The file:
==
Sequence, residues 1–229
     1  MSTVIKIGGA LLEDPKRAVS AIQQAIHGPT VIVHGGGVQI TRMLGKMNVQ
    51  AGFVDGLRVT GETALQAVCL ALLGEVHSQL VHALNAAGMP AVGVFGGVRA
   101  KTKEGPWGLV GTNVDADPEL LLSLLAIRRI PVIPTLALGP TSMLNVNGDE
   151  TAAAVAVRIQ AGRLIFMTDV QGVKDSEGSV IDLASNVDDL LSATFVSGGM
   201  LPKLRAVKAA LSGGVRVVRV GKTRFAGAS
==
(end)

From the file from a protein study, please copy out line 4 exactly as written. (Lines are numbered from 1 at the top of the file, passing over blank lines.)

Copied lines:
   101  KTKEGPWGLV GTNVDADPEL LLSLLAIRRI PVIPTLALGP TSMLNVNGDE